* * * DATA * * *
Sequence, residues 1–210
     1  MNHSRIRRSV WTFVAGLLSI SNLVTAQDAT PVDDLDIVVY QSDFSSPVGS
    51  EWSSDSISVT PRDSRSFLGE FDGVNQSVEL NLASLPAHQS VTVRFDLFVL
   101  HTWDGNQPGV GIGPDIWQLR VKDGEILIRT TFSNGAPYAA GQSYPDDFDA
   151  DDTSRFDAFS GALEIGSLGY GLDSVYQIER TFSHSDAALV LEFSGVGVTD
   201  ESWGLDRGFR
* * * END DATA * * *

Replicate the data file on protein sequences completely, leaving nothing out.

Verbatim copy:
Sequence, residues 1–210
     1  MNHSRIRRSV WTFVAGLLSI SNLVTAQDAT PVDDLDIVVY QSDFSSPVGS
    51  EWSSDSISVT PRDSRSFLGE FDGVNQSVEL NLASLPAHQS VTVRFDLFVL
   101  HTWDGNQPGV GIGPDIWQLR VKDGEILIRT TFSNGAPYAA GQSYPDDFDA
   151  DDTSRFDAFS GALEIGSLGY GLDSVYQIER TFSHSDAALV LEFSGVGVTD
   201  ESWGLDRGFR